In choosing a pricing mechanism, careful consideration must be given to the characteristics of the target, the financing of the transaction and the legalities and peculiarities of the market. The use of further warranties and protective measures during the pandemic is highly advised. Regardless of the chosen mechanism, its application requires experience in the relevant country's legislation and careful diligence both when drafting the agreement and executing the transaction.
For further information on this topic please contact Kaan Demir at Kayum & Demir by telephone (+90 212 291 1002 ) or email (email@example.com). The Kayum & Demir website can be accessed at www.kayumdemir.av.tr.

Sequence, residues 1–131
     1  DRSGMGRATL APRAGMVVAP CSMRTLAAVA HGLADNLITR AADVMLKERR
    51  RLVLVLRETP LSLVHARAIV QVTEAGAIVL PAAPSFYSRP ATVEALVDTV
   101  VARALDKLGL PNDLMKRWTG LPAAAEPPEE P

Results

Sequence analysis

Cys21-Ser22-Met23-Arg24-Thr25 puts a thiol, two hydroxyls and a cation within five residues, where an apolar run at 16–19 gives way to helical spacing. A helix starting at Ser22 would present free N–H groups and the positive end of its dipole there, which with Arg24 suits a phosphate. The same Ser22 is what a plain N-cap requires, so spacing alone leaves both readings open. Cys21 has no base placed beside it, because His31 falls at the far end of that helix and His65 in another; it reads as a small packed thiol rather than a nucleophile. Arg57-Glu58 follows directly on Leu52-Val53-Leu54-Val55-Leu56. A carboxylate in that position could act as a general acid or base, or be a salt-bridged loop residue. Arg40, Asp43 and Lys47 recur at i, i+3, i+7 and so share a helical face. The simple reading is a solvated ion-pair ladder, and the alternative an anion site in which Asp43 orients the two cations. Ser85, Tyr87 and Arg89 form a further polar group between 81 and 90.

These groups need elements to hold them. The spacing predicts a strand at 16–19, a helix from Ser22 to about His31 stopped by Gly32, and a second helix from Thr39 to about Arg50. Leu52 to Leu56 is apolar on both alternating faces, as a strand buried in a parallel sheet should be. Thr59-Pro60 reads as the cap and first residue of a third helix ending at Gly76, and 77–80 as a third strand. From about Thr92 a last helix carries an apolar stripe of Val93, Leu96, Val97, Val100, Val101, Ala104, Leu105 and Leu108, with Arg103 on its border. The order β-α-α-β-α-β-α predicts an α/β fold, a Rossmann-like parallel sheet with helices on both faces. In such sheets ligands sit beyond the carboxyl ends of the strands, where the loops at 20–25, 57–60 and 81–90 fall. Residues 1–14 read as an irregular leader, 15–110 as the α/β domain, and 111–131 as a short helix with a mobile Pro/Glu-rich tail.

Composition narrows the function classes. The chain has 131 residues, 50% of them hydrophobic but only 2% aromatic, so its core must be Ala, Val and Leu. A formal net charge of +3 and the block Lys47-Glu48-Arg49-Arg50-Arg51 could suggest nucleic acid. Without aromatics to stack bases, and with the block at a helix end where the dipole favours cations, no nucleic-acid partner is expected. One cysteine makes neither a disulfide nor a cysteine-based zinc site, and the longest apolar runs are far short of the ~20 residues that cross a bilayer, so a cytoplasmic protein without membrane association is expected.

Mert Ceylan, legal intern, contributed to the preparation of this article.
The materials contained on this website are for general information purposes only and are subject to the disclaimer.
ILO is a premium online legal update service for major companies and law firms worldwide. In-house corporate counsel and other users of legal services, as well as law firm partners, qualify for a free subscription.